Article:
24th International Annual Congress of the World Muscle Society (WMS) Day 4 Blog

Many therapies being developed for Duchenne muscular dystrophy, including gene therapies, gene editing, and some exon-skipping approaches, rely on use of a virus to get the therapeutic components inside of muscle cells.  Since the most commonly used viruses for these purposes are AAVs (Adeno-Associated Viruses), many presentations covered AAVs at the 24th International Annual Congress of the World Muscle Society (WMS)

One presentation noted that 204 clinical trials have used or are currently using modified forms of AAV (also called AAV vectors) to target different diseases.  While AAV is not pathogenic to humans the same way the flu or cold virus is, AAV vectors do interact with our immune systems, and this must be taken into account when using AAV vectors for therapeutic purposes.   This has been an intense area of research, and as our understanding evolves, scientists are using that knowledge to make treatments safer and more effective.

Adeno Associated Virus Chart

Pre-existing immunity occurs because humans can be exposed to AAV viruses in the environment naturally and develop antibodies against them.  If a person has antibodies to a particular AAV virus, it complicates using that virus to deliver a gene therapy because the antibodies will make the therapy less effective.   Therefore, there is much effort to develop ways overcome this limitation, such as making modifications in existing AAVs to create new forms that humans would not have been exposed to or using methods to shield the AAV vector from the pre-existing antibodies.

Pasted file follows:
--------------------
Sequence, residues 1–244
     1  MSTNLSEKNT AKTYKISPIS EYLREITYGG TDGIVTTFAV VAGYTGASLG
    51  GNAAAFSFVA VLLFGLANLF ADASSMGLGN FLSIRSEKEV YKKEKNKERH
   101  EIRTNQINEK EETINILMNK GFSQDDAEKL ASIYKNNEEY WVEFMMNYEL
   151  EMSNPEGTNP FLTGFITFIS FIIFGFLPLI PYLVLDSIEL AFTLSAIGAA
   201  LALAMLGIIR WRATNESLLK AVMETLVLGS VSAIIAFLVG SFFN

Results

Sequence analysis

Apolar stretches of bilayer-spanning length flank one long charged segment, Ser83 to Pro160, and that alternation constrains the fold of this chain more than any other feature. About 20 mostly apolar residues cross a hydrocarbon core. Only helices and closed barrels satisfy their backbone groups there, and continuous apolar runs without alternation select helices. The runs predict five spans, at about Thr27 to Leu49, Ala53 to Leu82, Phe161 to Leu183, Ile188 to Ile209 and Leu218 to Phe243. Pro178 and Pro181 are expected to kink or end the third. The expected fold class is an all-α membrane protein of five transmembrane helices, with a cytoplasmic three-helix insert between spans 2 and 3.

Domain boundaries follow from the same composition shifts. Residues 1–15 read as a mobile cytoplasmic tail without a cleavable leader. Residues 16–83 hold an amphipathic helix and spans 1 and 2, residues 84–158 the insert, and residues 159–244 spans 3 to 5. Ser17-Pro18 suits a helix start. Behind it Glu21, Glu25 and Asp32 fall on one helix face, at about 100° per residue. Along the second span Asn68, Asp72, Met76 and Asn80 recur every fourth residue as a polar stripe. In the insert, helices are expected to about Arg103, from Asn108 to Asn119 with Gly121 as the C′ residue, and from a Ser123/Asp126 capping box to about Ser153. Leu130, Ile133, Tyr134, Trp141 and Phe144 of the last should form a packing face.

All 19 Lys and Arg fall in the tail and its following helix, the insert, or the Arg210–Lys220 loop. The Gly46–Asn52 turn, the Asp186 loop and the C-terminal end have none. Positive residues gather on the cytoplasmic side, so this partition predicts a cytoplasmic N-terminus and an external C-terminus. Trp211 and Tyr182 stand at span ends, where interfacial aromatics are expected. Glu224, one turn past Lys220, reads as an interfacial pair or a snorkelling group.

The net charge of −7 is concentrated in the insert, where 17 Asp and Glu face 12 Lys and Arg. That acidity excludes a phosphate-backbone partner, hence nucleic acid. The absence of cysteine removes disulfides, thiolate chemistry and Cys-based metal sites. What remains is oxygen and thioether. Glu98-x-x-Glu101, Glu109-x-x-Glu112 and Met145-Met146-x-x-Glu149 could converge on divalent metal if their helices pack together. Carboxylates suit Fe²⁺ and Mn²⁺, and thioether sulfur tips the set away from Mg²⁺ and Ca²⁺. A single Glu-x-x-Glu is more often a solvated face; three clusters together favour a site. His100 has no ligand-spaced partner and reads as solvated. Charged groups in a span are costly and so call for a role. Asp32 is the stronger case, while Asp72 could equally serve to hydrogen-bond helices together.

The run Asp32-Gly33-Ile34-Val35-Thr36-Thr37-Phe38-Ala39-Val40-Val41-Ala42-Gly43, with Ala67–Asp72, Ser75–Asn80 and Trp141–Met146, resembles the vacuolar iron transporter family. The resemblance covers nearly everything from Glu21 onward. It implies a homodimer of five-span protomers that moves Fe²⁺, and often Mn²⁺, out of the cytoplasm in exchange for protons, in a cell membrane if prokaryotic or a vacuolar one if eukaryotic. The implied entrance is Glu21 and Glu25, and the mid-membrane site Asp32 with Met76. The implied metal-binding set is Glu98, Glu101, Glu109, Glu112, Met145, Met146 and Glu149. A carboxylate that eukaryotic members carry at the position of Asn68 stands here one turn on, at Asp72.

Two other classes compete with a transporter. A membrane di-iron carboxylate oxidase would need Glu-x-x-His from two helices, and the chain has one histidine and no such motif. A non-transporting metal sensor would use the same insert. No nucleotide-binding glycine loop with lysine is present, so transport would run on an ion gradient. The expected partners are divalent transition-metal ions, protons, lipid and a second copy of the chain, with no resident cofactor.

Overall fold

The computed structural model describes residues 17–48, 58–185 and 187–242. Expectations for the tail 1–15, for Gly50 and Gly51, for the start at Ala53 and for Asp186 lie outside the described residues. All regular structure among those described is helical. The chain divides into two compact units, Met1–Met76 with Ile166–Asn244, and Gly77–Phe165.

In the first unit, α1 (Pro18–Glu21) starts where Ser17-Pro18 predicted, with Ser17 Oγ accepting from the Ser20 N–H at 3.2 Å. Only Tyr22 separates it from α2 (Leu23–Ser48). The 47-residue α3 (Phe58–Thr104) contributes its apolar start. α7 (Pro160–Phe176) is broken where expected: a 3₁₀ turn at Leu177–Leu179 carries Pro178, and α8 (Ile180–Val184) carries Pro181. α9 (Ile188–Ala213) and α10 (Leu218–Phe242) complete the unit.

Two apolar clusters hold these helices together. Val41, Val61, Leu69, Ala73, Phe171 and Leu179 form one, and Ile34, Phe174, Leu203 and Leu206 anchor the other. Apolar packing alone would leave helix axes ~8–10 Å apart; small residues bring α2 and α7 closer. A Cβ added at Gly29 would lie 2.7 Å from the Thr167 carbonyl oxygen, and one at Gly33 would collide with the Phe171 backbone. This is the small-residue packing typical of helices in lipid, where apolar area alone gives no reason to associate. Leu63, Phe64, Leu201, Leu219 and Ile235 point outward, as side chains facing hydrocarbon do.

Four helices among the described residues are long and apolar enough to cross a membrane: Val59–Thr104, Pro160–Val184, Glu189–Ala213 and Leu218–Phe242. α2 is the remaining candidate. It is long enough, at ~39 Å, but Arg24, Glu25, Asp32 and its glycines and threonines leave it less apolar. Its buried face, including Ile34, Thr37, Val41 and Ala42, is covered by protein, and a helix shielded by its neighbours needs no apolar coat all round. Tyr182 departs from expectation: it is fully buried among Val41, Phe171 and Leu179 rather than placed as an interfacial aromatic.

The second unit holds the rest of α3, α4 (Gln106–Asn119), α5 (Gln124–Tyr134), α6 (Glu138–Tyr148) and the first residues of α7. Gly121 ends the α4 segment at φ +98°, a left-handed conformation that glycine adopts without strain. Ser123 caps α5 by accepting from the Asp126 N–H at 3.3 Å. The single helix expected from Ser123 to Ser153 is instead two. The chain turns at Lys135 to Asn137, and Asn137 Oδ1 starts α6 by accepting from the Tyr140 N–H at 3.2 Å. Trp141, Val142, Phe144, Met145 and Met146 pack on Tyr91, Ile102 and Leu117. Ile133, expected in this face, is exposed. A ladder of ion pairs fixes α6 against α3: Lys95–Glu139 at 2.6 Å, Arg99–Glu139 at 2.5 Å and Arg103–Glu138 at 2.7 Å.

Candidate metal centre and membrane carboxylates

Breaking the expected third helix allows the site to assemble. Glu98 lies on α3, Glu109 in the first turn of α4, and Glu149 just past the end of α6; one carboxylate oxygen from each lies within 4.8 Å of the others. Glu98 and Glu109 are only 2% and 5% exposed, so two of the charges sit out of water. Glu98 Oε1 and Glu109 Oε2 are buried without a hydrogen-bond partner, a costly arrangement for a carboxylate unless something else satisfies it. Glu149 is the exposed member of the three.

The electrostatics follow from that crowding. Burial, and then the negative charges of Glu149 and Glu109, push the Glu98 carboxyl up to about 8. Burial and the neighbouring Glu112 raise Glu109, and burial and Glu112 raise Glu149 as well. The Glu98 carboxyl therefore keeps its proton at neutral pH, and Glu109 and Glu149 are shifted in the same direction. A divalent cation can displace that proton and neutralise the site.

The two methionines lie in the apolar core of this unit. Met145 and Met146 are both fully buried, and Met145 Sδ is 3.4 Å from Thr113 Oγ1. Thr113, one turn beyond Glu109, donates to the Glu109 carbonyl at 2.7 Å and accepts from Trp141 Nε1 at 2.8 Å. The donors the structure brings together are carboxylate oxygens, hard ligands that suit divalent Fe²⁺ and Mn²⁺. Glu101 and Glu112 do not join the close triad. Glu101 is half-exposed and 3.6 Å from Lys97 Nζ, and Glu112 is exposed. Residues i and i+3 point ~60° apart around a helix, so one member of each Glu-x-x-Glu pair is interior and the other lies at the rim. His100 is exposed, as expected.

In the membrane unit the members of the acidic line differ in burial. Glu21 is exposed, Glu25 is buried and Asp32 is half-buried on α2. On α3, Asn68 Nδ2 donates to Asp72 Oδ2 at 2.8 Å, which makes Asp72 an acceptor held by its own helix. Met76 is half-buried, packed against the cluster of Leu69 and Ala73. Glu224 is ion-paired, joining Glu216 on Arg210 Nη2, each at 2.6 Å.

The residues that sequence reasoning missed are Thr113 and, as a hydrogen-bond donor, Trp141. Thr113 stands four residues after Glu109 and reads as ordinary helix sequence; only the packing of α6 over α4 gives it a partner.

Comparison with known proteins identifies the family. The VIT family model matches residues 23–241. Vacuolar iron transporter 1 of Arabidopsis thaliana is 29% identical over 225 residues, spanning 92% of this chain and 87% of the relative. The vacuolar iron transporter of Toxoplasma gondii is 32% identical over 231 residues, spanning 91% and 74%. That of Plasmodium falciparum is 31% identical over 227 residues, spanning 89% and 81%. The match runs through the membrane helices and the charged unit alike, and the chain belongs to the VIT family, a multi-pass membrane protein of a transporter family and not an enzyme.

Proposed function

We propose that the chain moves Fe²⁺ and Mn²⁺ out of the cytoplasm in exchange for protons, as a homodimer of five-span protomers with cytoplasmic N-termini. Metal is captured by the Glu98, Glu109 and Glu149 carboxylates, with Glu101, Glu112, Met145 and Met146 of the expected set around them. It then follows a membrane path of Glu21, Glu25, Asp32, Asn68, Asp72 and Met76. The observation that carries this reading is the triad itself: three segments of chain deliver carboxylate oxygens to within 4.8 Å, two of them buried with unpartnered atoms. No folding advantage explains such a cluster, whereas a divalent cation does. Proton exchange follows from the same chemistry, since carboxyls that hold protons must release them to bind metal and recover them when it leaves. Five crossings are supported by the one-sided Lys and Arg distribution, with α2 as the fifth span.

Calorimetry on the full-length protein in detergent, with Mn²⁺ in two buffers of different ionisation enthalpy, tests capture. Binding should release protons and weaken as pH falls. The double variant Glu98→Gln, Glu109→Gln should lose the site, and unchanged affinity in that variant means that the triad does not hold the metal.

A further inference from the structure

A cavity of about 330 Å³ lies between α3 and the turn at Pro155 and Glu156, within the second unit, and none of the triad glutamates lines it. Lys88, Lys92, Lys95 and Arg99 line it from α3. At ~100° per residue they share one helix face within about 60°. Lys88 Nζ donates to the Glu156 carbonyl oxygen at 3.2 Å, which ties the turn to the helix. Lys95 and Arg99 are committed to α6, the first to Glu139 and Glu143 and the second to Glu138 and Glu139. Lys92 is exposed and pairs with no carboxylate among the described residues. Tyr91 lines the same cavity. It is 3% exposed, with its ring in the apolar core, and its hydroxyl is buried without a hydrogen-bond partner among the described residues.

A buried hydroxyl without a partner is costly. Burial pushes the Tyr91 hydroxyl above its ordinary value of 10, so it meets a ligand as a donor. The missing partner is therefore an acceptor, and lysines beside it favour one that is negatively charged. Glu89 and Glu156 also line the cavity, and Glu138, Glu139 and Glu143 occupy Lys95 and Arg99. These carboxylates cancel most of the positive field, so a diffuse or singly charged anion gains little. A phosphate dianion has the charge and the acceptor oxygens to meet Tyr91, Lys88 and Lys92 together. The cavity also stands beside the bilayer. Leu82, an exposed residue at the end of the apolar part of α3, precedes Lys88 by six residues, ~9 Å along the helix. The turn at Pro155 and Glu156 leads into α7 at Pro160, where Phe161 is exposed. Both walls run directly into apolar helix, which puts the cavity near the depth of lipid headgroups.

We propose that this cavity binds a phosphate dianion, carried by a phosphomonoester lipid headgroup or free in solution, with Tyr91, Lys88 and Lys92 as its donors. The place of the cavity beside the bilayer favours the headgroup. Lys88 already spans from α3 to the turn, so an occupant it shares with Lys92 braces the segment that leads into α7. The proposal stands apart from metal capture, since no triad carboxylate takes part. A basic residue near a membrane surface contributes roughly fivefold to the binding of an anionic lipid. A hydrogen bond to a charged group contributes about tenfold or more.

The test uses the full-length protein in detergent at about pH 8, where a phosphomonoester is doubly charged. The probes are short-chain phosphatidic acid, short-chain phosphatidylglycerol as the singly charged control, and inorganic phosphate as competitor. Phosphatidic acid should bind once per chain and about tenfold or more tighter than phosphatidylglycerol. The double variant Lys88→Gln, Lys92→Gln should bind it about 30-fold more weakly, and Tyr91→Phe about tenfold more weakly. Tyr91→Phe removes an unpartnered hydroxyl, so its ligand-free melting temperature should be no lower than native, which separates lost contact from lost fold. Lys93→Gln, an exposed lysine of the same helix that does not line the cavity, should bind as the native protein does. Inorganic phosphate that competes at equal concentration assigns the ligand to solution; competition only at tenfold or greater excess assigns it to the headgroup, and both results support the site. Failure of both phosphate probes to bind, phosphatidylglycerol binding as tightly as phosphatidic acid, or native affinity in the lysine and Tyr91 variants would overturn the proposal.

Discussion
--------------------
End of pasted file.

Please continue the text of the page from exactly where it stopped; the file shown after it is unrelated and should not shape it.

During and immediately after the infusion of the AAV-based therapy, there is also a rapid immune response, as our bodies are designed to fight “foreign invaders,” which in this case is a large amount of AAV virus.  To mitigate this risk, trials can use immunomodulatory drugs before and for a short time after treatment to dampen one or more of the problematic aspects of the acute immune response.  This is occurring in some DMD trials currently.

A longer term consideration is that after being exposed to the large amount of AAV vector contained in a treatment infusion, a person will develop antibodies to the therapeutic AAV that will complicate giving that treatment again (for example, if a re-dose is needed in future).  Therefore, researchers are working on strategies that will overcome this issue and allow for future redosing.  Examples of possible strategies being explored include: using immunosuppression drugs; removal of antibodies from the blood (plasmapheresis); use of a modified or different viral vector.    This is also an area we expect to see much innovation in the coming years.

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